The composite design pattern allows us to create composite objects from different components
. The components that make up the composite object must either implement a common interface or extend an abstract class for the composite object. The common methods on composite objects include, add, remove, display, and find. Let’s explain this using a real world example
. We will use an information system for managing student records. Students can do all or part of the following activities in a typical college / university.
The above activities give us a structured hierarchy of students’ activities that are different in nature
- New students fill in application forms
- Students enroll for semester courses
- Students subscribe for services such as internet usage, library etc.
- Students register for exams
- Students occasionally break school property
. Assume you have being asked to develop an integrated information management system that records the above student activities and includes a payments module.
The problem to be solved
Assume according to the system requirements given to you, students are expected to pay for the above activities. The billing is dependable on the services that the student has subscribed to
. Returning students do not need buy registration forms, students who do not break anything do not need to pay for damages. What about students who postpone studies, do we charge them exam fees? How can we come up with a single composite object with billable items? As you can see, producing a bill dependant on the activities is complex because the activities are all unique in their own ways.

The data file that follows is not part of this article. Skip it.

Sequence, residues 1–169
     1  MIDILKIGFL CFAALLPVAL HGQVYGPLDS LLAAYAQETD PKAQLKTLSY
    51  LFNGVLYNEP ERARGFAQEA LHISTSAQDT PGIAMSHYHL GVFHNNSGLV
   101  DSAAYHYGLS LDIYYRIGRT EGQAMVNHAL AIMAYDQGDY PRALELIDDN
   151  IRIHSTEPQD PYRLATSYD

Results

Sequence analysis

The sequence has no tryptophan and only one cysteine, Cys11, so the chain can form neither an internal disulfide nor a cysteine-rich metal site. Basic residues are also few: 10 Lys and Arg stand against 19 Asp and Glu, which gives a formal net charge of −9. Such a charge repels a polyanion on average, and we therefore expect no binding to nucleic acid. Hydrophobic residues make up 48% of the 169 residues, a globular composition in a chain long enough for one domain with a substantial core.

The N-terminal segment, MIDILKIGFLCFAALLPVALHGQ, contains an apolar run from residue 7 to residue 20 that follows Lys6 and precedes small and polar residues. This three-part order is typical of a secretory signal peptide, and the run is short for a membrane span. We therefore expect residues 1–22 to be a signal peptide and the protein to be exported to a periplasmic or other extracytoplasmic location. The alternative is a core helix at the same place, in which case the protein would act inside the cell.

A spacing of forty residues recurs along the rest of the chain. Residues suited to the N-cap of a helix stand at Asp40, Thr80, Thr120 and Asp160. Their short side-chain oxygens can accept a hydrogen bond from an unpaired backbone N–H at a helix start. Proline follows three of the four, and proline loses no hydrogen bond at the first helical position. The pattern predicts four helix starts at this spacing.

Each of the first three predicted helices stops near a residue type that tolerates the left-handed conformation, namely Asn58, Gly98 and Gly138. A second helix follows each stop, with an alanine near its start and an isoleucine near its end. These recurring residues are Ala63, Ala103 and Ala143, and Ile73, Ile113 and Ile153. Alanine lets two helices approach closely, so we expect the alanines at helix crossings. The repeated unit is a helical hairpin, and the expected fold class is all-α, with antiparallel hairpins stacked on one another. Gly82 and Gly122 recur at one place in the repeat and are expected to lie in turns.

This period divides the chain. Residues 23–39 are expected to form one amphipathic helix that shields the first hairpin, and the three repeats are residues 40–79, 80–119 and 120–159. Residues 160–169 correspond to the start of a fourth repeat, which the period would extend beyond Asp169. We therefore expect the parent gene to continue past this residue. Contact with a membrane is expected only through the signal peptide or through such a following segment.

How does the composite design pattern come to the rescue?From an accounting point of view, we really do not care about the nature of the object, whether all activities apply or the order in which they occur. All that matters is a student subscribed to a service
. The service has a billing code and if the student subscribed to it then that’s all we need to produce the student bill. A composite pattern solves this problem by defining a common interface with properties and methods that the class representing the activities can implement or extend if it is a class
. The interface will allow us to treat the activities in a uniform way regardless of their nature.
Major components of a composite design pattern
The composite pattern has three major components namely;
- IComponent: the interface that all the components implement. This can also be a class
- Component: the unique objects in their own ways that implement or extend the IComponent.
- Composite: the single object made up of many components.
The class diagram below shows how the components relate to one another
The table below shows the composite design pattern components as they relate to our problem
|Component||Real world object|
|IComponent||Student Activity abstract class/interface|
|Component||Student activity i.e. exam registration|
|Composite||Student Bill class|
Composite design pattern world real example class diagram
The class diagram below illustrates the physical implementation of the above student activities example
The above example has being implemented using simple console applications in Java and C-Sharp. The example for PHP uses a basic HTML page to output the results. The following images show the output from the programs.
When should you apply the composite design pattern
- When you want to treat to treat different objects uniformly regardless of their differences
- When you want to represent you part-whole hierarchies of structured objects
Step by step implementations of the above outputThe best way to learn something is by doing it yourself
. The following links have the source code for the trio implementation of the composite design pattern. The source code does not contain any code explanations just the steps and files you must create to run the programs successfully. You can use the comments section to ask questions if you would like some clarifications on the source code. As always, positive criticism is welcome.